Most of us don’t consider the effect of oral health on our overall health and well-being — until we have a problem.
The mouth is the gateway to the body, and what happens in our mouth can affect the rest of our body. This can range from dental infections spreading from the mouth to other parts of the body, to the connections between gum disease and blood sugar levels or blood pressure.
Several decades spent serving as a primary care doctor have provided plenty of evidence that access to dental care is a key part of overall health. As chair of the Maine Legislature’s Health and Human Services Committee, it is now even more clear to me, and to the committee as a whole, that getting regular preventive dental care remains a huge challenge for far too many children in Maine.
The pandemic has made many aspects of life harder than they used to be; accessing dental care is no exception. Even before COVID-19 hit Maine, there were many barriers that kept children from getting basic dental care. In fact, in 2019 Maine ranked 49th among states, surpassing only North Dakota, on federally required reporting on the percentage of children with Medicaid receiving dental services.
One important element of the solution to this problem is the Maine Center for Disease Control and Prevention’s School Oral Health Program. It brings oral health screenings, fluoride varnish and sealants right to students where they already are: in school. These oral health services are well-proven to prevent cavities and help children grow up without dental decay.
Delivering services in schools removes the barriers that keep children from getting to a dental office for a checkup. Unfortunately, the program currently lacks the resources to serve all schools in the state. Eligibility to participate is limited to elementary schools where more than 40% of their students qualify for free or reduced lunch. However, there are students at every school in the state who need these essential oral health services in the school setting.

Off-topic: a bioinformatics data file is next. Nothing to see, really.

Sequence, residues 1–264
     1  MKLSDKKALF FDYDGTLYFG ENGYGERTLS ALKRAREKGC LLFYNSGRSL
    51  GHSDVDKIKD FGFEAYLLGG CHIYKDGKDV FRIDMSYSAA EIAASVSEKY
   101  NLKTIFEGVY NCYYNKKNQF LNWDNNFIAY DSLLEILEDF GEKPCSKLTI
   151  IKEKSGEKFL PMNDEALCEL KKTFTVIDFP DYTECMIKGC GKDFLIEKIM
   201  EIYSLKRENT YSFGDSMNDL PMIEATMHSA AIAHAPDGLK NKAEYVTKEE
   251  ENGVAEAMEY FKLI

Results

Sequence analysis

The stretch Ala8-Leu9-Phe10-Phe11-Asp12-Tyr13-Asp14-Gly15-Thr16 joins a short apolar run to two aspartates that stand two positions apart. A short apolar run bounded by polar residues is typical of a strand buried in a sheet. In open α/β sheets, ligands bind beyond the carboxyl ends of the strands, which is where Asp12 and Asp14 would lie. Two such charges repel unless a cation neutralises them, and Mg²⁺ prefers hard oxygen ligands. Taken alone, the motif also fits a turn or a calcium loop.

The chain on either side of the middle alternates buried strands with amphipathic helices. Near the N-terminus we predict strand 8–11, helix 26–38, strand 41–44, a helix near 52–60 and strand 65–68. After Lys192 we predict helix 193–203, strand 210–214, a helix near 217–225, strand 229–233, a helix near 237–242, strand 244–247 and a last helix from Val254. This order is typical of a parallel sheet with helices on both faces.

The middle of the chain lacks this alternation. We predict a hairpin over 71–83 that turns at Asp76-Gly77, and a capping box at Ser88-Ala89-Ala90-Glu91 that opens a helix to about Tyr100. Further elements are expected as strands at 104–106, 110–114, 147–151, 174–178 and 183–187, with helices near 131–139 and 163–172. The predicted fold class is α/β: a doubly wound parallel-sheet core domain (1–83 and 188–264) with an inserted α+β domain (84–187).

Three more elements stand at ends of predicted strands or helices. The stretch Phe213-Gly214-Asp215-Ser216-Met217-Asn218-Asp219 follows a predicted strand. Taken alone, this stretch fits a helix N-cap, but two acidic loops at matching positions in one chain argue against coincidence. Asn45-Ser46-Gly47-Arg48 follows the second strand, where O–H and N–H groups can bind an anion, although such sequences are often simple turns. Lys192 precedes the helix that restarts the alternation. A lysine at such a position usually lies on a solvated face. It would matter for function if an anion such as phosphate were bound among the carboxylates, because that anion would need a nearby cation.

This year the Legislature has the opportunity to expand school oral health services to all students across Maine. LD 1501, “An Act to Protect Oral Health for Children in Maine,” opens eligibility for the School Oral Health Program so that all schools can participate.
The bill restores a much-needed oral health coordinator position at the Maine CDC to ensure the program’s effectiveness and a data-driven approach. This coordinator will provide public health leadership on oral health issues for all ages in Maine and secure federal grant funding that we are currently missing out on due to the lack of staff capacity.
Finally, to build a path for sustainable funding for the school program, the bill directs the state to begin to explore how to fund these services in a way that maximizes Medicaid dollars, which can bring in about $2.50 in federal funds for every $1 the state spends on children’s dental care.
Good oral health is linked to better educational achievements and better employment opportunities as adults. The military knows this all too well, as dental problems are one of the leading health issues that make personnel non-deployable. A healthy mouth is truly critical to long-term success.
As the Appropriations and Financial Affairs Committee considers the governor’s supplemental budget, I am proud that the Health and Human Services Committee has unanimously voted to support the addition of funding for LD 1501. This is a cost-effective bipartisan solution that will help thousands of children, here in our districts and across our state, get the preventive care they need.
Oral health is health, and all Maine children deserve the best healthy start we can give them.
Sen. Ned Claxton, D-Auburn, is serving his second term in the Maine Senate, representing Auburn, Mechanic Falls, Minot, New Gloucester and Poland. He co-chairs the Health and Human Services committee and serves on the State and Local Government Committee.